Released On 30th Aug 2021
Dolly's blog: What doesn't kill you, makes you stronger
I can’t lie - it’s not been a good few months. In edited highlights, our lockdown puppy was attacked by a salivating Alsatian that bit him so hard his leg bones snapped. Upshot: major surgery, a £10k vet bill, weeks of constantly supervised crate confinement (farewell my lockdown escape dreams), a temporarily incontinent dog with separation anxiety, and a constant headache from all the “Set me free human!” barking. Also, we had no dishwasher for three months.
In pursuit of wellbeing I took myself for a mindful walk, smarting from the latest indignity of the dog defecating on the kitchen floor whilst I was mopping up his urine. Heading into the countryside, I noticed the trees (tick) and I smelt the cow parsley (tick). Then straining my ears for life-affirming birdsong, I instead heard the unmistakeable noise of gunfire (I’m pretty sure that’s not in the Little Book of Calm) and, all sense of zen now destroyed, tried hard to rid my brain of abduction thoughts as I scurried past a seriously dodgy looking bloke in a van, parked suspiciously in the middle of nowhere and sat next to a salivating Alsatian (FFS…). A relaxing walk this was not.
And then we went on holiday to Wales.
It was the same place we’d visited 3 years ago – the old cottage with no electricity, which had gone down in family legend as “the worst holiday ever” and where the children had cried on arrival, appalled at the prospect of a week-long digital detox but possibly also related to the taxidermy - which I accept may have caused some lasting psychological damage. Family day-trips through driving rain to a woollen mill and a “famous” bleeding tree in a graveyard had also landed badly and not been forgiven with the passage of time. But as I patiently explained to the children (open-mouthed incredulous that we were returning) this cottage was both available and cheap (no wonder, said the children) and, in these Covid staycation and £10k vet bill times, that was frankly good enough for me.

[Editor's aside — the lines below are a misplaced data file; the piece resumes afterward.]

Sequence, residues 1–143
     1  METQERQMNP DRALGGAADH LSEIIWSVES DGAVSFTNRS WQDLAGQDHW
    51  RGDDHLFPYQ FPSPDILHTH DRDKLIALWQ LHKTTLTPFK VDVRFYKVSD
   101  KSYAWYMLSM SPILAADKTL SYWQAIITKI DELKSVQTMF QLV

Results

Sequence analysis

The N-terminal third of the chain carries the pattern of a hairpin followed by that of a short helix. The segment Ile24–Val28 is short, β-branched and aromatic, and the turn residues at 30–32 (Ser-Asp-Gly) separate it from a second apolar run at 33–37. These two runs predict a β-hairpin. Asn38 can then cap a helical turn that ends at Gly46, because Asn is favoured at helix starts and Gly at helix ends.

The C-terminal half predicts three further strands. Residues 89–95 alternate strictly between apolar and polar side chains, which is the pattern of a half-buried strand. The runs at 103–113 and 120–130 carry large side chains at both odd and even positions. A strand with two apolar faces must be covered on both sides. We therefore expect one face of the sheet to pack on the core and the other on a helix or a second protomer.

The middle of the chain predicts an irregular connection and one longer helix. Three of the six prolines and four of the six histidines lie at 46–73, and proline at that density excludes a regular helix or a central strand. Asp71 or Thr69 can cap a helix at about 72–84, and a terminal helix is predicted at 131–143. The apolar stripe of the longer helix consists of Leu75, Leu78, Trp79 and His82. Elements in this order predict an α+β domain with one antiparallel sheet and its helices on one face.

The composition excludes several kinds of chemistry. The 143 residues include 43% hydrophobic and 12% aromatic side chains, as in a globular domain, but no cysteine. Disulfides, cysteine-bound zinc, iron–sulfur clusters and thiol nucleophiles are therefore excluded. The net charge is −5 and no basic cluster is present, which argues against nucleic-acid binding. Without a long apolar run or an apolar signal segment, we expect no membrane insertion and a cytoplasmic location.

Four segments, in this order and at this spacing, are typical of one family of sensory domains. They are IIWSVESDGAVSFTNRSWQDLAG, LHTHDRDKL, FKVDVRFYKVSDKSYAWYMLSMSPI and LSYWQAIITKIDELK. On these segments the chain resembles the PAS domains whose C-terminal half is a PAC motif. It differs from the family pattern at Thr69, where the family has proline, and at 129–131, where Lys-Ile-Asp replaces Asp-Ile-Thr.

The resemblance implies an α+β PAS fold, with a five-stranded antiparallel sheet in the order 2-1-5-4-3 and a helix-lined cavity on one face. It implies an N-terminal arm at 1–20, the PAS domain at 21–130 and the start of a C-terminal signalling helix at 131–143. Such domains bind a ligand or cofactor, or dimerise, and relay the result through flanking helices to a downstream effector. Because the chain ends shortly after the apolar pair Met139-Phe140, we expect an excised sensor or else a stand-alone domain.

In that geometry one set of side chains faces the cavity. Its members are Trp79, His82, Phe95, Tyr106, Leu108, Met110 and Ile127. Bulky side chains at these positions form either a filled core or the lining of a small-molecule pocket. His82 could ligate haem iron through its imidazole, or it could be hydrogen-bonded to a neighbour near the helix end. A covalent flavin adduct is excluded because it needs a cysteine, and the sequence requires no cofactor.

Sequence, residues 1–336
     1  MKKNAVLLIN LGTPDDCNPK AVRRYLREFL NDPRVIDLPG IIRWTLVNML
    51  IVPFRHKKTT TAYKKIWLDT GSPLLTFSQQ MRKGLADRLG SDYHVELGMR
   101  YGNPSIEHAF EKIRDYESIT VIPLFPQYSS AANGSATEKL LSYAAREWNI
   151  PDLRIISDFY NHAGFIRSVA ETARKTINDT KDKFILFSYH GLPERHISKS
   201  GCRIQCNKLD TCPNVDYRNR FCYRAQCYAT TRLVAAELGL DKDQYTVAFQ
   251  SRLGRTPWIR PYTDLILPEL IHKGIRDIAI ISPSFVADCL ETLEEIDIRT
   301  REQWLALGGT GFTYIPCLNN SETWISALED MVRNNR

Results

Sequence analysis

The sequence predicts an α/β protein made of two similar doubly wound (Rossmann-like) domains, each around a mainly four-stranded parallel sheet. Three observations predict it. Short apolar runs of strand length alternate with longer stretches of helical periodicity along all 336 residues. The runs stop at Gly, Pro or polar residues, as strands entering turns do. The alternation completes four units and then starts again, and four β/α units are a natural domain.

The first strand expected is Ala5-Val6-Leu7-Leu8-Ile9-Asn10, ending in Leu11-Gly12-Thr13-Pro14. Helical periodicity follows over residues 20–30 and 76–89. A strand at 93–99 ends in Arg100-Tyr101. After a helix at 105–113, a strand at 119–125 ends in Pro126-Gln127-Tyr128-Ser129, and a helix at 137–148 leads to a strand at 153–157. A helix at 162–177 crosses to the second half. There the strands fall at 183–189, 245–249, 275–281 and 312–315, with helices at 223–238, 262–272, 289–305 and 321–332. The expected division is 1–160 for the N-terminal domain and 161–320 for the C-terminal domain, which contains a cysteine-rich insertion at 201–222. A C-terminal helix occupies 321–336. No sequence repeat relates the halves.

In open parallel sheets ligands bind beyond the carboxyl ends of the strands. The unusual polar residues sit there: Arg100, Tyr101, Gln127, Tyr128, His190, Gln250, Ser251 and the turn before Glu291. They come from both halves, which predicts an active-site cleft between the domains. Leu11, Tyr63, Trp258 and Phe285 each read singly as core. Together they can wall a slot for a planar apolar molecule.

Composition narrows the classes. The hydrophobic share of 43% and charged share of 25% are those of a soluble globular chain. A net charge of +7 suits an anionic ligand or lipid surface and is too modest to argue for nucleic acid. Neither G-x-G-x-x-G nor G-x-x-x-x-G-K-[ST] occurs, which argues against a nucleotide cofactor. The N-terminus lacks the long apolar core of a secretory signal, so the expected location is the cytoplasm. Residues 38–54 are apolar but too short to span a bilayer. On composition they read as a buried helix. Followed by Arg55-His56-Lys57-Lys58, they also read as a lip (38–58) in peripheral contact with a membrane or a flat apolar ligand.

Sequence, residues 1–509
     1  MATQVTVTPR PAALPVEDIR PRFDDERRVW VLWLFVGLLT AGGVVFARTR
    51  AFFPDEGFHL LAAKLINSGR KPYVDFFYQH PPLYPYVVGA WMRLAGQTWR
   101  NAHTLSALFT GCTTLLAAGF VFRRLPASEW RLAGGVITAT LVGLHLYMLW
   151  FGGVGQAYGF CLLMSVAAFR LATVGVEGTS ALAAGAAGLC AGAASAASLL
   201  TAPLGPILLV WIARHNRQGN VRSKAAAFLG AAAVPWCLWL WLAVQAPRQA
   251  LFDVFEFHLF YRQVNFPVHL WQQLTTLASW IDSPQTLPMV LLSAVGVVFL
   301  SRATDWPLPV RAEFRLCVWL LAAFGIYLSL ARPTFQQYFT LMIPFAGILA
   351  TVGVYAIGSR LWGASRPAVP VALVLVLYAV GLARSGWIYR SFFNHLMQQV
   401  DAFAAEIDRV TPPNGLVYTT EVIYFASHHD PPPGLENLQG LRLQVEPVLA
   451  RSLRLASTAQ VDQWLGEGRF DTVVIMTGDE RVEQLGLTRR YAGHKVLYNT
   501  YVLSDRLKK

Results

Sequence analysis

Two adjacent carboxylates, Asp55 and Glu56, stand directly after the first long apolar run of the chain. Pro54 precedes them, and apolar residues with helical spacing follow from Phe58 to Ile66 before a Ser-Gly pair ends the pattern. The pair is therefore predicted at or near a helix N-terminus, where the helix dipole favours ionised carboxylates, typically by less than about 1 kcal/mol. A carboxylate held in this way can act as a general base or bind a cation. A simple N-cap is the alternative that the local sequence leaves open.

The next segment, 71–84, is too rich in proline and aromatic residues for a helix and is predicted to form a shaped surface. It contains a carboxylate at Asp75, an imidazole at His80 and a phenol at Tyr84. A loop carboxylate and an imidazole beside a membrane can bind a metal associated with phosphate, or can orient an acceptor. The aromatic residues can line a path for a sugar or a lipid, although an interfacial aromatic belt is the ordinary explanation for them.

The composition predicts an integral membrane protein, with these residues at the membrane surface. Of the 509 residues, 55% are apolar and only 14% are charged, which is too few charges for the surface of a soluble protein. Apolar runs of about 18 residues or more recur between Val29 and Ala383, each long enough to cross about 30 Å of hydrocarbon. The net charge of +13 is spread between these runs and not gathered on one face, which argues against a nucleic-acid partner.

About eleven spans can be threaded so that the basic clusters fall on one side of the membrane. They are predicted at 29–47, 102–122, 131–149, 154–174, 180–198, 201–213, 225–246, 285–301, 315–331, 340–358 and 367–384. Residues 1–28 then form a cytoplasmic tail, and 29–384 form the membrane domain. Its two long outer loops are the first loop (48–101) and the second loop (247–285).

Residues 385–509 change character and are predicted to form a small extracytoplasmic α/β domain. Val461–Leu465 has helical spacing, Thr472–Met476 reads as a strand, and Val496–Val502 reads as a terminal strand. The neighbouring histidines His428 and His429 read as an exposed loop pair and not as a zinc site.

On arrival, we spent the first hour waiting for a kettle to boil on the Aga (children appalled), cleaning (children disappeared), lighting candles (children suddenly present) and hiding all the c**p that littered the place; items I suspect not deemed nice enough to go in the owners’ house but that “would do for the holiday let”. I searched in vain for a frying pan large enough to cook for more than one person and nearly slashed my wrist on the wonky bottle opener (booze consumption was essential).
And then we exhaled, watched the sun set over the sea, listened to seals in the bay below and saw the stars come out. We snuggled under Welsh blankets, lit the fire and read books. The children voluntarily started playing Monopoly. The dog stopped barking. We went to bed early. I reconnected with my children and found time to observe the individuals they are becoming. Also, for the first time ever, we got to use the off-road button on the Land Rover.
On day two I knew I’d won when our youngest screen addict said, “Mummy, I’m glad we came here”. Although in fairness, when we returned home a week later he also said, “I’m glad we’re back in civilisation, where you can google stuff and make toast”.
After 19 years of fee earning, Dolly now works in a management role in a London law firm. Working four days a week she is supported by a wonderful (though often absent) husband as they attempt to bring up three children aged 14, 13 and 10. She’s still mourning the charismatic dog who kept her sane and still can’t talk about that – but the lockdown puppy is helping.